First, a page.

Leading psychiatrists disagree over mental state of father who killed son

·4-min read
Two leading psychiatrists have disagreed over the mental health condition of a man who has admitted to killing his own son (David Cheskin/PA) (PA Archive)
Two leading psychiatrists have disagreed over the mental health condition of a man who has admitted to killing his own son (David Cheskin/PA) (PA Archive)

Two senior consultant psychiatrists are in conflict over the mental state of a man who admitted to killing his two-year-old son, a court has heard.

Dr Khuram Khan assessed Lukasz Czapla after his son Julius was found dead at his flat in Muirhouse in Edinburgh in November 2020.

After multiple interviews, the psychiatrist said the 41-year-old has or had Emotionally Unstable Personality Disorder (EUPD), a condition that causes intense fluctuations of emotions among other symptoms including depression and impulsivity.

Earlier, psychiatrist Dr Alexander Quinn, who also assessed Czapla after the death of his son, agreed Czapla had a “depressive illness”, but that it “was not severe” and dismissed the EUPD diagnosis.

In my view, his (Czapla) long-standing complaint about depression symptoms should be seen within the context of EUPD

Dr Khuram Khan

The court has previously been told Czapla, a former IT technician, had been struggling with depression, which intensified after his seven-year relationship with his former partner Patrycja Szczesniak ended just months before Julius was killed.

At a hearing at the High Court in Edinburgh on Thursday, Alan Cameron, prosecuting, put some of Dr Quinn’s comments about Czapla to Dr Khan in which he said there was “an absence of indicators that you might see in EUPD, and spoke of his time in prison and said he did not present as someone with EUDP.”

Dr Khan, before a 15-strong jury, defended his diagnosis of the accused.

A statement of his was read out in court which said: “In my view, his (Czapla) long-standing complaint about depression symptoms should be seen within the context of EUPD.

“Patients with EUPD can present symptoms of depression such as low mood, anhedonia (inability to feel pleasure) and irritability.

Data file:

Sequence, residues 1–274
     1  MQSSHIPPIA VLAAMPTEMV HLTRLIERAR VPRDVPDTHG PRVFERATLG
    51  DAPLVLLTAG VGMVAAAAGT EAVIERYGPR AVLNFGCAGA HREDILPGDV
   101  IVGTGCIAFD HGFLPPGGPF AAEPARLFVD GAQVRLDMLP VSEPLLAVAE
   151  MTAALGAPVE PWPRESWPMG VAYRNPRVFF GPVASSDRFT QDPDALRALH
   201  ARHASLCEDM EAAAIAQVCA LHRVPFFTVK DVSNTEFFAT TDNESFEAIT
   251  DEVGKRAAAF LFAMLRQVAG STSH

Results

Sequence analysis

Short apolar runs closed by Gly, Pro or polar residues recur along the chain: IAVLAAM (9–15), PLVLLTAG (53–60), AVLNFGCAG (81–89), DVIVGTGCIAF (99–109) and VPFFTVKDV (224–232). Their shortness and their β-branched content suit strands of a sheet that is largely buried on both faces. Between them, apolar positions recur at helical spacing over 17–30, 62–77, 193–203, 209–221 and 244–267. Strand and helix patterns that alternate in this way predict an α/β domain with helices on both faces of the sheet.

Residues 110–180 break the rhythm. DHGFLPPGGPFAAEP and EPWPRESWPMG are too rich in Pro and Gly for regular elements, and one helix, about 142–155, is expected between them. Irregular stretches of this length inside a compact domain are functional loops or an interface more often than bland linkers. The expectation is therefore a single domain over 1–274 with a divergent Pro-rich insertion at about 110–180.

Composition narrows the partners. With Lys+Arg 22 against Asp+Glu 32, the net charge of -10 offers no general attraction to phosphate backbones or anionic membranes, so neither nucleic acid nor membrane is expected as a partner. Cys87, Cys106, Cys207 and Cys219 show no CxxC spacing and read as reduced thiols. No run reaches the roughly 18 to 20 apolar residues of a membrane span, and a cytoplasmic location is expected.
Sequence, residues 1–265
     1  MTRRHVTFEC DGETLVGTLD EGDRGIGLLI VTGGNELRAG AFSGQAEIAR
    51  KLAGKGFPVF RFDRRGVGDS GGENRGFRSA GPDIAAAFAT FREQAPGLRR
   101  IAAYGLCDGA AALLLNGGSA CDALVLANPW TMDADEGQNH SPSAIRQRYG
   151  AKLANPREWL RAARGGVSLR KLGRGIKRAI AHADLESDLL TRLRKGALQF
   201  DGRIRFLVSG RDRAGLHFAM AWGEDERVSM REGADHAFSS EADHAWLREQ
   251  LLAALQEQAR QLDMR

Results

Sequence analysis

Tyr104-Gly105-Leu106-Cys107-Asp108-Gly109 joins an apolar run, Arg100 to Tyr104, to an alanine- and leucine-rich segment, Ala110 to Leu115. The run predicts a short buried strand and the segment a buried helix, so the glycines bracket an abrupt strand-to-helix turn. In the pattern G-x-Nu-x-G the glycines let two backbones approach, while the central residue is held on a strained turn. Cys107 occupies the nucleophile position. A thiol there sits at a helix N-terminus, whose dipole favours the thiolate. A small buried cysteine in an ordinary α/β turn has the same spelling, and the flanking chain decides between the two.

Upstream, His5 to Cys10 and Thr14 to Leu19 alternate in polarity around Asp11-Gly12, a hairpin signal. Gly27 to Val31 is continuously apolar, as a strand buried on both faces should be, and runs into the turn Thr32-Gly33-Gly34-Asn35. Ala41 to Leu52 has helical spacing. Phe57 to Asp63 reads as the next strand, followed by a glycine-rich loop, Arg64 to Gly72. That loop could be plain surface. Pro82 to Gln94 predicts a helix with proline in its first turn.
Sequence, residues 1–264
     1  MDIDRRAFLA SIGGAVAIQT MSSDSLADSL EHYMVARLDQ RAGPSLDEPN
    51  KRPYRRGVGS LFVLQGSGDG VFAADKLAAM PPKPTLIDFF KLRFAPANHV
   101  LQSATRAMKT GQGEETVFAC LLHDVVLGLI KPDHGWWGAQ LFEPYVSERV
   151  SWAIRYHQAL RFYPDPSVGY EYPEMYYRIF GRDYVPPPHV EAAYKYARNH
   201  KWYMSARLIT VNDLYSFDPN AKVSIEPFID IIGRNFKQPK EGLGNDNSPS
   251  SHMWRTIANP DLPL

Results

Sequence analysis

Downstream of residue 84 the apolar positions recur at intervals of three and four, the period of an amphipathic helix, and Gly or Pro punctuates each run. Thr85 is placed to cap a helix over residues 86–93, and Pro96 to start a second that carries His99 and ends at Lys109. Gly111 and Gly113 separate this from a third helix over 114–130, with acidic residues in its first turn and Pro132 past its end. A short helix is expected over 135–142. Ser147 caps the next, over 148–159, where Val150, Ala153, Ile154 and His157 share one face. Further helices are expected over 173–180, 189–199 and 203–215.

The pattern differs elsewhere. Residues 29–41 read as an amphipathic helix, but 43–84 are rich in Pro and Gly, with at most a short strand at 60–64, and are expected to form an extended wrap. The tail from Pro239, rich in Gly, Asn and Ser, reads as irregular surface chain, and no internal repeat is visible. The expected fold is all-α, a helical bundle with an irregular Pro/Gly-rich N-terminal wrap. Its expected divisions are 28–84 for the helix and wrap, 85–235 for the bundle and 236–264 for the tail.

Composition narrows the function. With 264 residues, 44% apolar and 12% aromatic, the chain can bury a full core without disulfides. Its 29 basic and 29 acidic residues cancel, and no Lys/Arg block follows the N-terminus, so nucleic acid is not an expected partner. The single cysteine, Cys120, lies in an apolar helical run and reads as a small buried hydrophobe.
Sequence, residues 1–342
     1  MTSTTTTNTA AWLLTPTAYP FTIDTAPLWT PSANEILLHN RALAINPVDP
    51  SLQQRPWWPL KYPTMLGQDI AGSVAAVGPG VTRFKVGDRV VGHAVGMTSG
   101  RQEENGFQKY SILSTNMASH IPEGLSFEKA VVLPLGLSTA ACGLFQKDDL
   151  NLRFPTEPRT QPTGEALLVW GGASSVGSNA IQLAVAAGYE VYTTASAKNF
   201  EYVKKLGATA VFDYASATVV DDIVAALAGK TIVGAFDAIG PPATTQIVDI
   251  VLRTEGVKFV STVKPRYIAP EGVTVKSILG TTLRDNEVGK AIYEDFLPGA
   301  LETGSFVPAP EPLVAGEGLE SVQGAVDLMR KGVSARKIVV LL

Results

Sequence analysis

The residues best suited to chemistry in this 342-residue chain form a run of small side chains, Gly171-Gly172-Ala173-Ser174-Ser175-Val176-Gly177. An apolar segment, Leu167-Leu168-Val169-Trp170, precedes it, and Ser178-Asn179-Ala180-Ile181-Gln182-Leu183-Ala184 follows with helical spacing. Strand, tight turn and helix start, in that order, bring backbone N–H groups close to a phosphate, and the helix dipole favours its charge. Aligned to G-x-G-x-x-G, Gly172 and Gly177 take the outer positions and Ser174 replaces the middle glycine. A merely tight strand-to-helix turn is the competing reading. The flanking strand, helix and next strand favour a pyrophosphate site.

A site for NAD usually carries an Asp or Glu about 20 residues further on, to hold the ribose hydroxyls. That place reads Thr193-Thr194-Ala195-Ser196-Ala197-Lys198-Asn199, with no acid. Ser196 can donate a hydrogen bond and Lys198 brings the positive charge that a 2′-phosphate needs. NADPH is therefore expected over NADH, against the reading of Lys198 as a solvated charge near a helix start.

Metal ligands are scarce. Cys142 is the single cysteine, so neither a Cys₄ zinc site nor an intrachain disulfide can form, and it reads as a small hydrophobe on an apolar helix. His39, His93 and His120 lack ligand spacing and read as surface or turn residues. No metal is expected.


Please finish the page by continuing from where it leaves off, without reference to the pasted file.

“They have difficulty in managing or regulating emotions and are often described as having low mood lability.”

His went on to say: “Therefore, my view is different from Dr Quinn’s formulation in relation to the primary diagnosis.

“I believe that Mr Czapla does not/did not have frank major depressive disorder, rather his depressive symptoms are or were secondary to the EUPD.”

Previous evidence has heard Czapla took an overdose of his anti-depressant medication and drank wine and beer on the night his son was killed, with the intention of taking his own life.

Dr Khan, in an initial report, said he believed the accused’s level of intoxication played a more substantial role to Czapla’s mental state in the killing of his son.

But after further assessment, Dr Khan said, on the balance of probabilities, he believed EUPD played a “significant major role in the criminal act than what I previously thought.”

He said he was not in a position to confidently conclude whether diminished responsibility at the time of Julius’s death can be used in Czapla’s defence, and said this was ultimately a decision for the jury.

Iain McSporran QC, defending, had no cross-examination questions for Dr Khan.

Toxicologist Karen Kerr was called to give evidence about a blood sample that was taken from Czapla at about 5pm on 21 November 2020, the day his son was found dead.

The court heard the accused consumed drugs and alcohol late on 20 November and in the early hours of the next day.

He was found to have more than three times the “normal” amount of mirtazapine – an anti-depressant – in his blood.

The jury were told 0.08mg would be a standard level for someone prescribed the drug as medication, whereas Czapla’s test result showed 0.29mg.

The witness confirmed the level would have been higher closer to the time of consumption, but she could not dictate when exactly that would have been.

Ms Kerr went on to explain the “half life” – the amount of time it takes for a drug’s active substance in your body to reduce by half – of mirtazapine is between 20 to 40 hours.

She said because of the wide range, the higher level could also “reflect a steady intake” of the drug over a period of time, such as for someone who has been prescribed it.

Czapla was also found to have traces of amitriptyline and nortriptyline, also taken for depression, but Ms Kerr said these were low levels.

Evidence earlier revealed police breathalysed the accused that same day at 11.52am and found 33 micrograms of alcohol per 100ml of breath.

The limit in Scotland is 22mcg.

Czapla denies murdering the toddler in his home in November 2020.

He previously offered to plead guilty to the lesser charge of culpable homicide, but this was rejected by the Crown.

He has pleaded guilty to nine other charges which include dangerous driving, drug possession and having an air weapon.

The trial, before Lord Beckett, continues.

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